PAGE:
LAUREN MORELLO
The New York Times
May 18, 2010

  • A d v e r t i s e m e n t
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The Atlantic Ocean hurricane season begins June 1, and scientists tracking the Gulf of Mexico oil spill are beginning to think about what would happen if a storm hit the growing slick.

The National Oceanic and Atmospheric Administration won’t release its initial hurricane season forecast until Thursday, but experts said it would only take one storm in the Gulf to complicate the ongoing effort to stanch the gushing oil and limit its environmental impact.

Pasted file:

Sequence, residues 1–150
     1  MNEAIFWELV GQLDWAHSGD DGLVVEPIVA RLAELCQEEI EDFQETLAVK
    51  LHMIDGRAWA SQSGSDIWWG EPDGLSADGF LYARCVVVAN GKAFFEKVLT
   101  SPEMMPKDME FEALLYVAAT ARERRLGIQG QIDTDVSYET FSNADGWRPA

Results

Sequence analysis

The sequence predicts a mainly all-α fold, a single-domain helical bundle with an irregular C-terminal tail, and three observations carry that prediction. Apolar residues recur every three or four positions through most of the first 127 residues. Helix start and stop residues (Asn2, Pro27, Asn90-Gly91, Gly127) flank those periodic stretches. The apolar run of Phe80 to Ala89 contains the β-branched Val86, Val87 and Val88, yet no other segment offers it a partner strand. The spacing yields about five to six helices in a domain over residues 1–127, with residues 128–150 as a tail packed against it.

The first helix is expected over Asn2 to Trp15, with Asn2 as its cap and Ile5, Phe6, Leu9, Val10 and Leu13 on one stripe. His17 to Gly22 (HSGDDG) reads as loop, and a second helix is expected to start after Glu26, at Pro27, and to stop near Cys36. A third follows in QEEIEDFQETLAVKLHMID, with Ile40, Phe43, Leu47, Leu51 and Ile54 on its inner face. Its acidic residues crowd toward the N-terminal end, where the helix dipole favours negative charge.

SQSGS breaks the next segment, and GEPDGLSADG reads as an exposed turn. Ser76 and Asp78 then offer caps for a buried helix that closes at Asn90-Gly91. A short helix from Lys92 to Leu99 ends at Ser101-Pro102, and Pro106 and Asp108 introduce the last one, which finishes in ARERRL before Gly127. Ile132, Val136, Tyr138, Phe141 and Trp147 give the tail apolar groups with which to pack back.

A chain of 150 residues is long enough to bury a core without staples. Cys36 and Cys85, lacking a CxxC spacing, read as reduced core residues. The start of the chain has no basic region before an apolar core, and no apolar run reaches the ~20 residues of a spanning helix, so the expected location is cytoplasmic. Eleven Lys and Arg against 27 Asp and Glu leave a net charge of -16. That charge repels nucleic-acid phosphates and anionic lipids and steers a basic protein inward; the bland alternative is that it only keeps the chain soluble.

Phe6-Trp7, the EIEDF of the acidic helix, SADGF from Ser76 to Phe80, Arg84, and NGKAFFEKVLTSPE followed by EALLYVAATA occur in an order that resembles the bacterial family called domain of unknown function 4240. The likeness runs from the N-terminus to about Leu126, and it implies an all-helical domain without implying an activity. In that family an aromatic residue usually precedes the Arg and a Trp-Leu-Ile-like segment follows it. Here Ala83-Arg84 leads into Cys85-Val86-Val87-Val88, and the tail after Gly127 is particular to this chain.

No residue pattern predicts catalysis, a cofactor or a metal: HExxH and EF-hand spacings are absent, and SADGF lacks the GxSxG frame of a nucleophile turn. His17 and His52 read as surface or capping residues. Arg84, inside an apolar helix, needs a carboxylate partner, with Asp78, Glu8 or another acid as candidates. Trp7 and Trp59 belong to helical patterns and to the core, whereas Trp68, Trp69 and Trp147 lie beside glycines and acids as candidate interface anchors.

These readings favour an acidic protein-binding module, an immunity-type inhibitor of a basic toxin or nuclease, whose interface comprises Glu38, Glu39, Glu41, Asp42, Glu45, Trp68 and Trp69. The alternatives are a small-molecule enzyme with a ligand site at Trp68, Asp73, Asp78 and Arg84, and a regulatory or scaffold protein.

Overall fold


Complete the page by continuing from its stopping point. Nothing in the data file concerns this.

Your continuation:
NOAA talking points list a number of open questions, such as whether the oil plume could affect storm formation by suppressing evaporation of Gulf water and how a hurricane could change the size and location of the oil slick. There’s little information about what would happen if a hurricane hit the spill, experts said.

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